Hubble telescope shows how summertime looks at Saturn
New Delhi : NASA and ESA’s Hubble space telescope has captured a breathtaking image of Saturn and its rings to show how summertime looks in the planet’s northern hemisphere. Also, the two dots in the right and at the bottom are Mimas and Enceladus, Saturn's icy moons.
As Saturn completes its one orbit around the sun our Earth makes 30 orbits around the sun in the same time. So, Hubble is able to observe Saturn every year around the time when Earth completes a lap around the slowpoke gas giant.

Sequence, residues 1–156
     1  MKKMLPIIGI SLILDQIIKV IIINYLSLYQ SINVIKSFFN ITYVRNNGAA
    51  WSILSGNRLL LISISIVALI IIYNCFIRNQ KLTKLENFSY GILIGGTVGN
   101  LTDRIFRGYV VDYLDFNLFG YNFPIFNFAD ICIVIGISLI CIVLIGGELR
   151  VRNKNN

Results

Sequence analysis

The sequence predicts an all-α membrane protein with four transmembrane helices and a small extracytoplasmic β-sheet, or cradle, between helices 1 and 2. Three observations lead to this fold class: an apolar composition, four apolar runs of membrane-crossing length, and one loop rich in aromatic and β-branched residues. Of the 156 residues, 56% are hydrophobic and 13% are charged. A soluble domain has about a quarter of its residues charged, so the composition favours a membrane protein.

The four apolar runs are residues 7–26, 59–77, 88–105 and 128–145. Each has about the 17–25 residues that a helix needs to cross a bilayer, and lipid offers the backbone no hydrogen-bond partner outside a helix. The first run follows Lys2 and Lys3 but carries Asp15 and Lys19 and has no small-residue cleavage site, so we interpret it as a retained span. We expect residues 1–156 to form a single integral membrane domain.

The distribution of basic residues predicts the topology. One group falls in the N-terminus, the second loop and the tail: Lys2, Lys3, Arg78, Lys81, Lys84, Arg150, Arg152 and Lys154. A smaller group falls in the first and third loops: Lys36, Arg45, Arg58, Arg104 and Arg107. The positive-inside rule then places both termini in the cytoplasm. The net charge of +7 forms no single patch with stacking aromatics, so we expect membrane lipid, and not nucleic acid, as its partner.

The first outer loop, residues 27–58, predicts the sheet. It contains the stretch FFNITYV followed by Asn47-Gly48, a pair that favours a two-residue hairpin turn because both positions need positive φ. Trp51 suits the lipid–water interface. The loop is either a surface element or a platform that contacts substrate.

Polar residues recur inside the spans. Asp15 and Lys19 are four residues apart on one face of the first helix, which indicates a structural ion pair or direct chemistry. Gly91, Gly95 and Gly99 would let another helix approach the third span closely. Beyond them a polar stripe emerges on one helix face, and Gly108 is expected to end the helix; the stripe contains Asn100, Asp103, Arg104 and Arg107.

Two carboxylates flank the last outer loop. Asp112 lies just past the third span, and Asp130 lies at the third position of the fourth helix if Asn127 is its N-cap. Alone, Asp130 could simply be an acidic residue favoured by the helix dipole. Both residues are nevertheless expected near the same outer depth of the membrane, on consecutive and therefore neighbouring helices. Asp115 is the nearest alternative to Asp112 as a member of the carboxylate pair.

As mentioned by the NASA, the shared image was clicked by Hubble as part of the Outer Planets Atmospheres Legacy (OPAL) project on July 4 when Saturn was just 839 million miles away from the Earth.
In this image, Hubble was able to capture the summer in the planet's northern hemisphere. For those who don’t know, Saturn has seasons as it is also tilted on its axis just like Earth.
Saturn’s yellowish-brown colour is due to the atmosphere majorly consisting of hydrogen and helium with some ammonia, methane, water vapour, and hydrocarbons. In the image, the reddish haze over the northern hemisphere seen in the colour composite picture might be due to increased temperature due to the extra sunlight during summer.
Principal Investigator of the Hubble’s Outer Planet Atmospheres Legacy (OPAL) program, Amy Simon from NASA's Goddard Space Flight Center explains, "It's amazing that even over a few years, we're seeing seasonal changes on Saturn."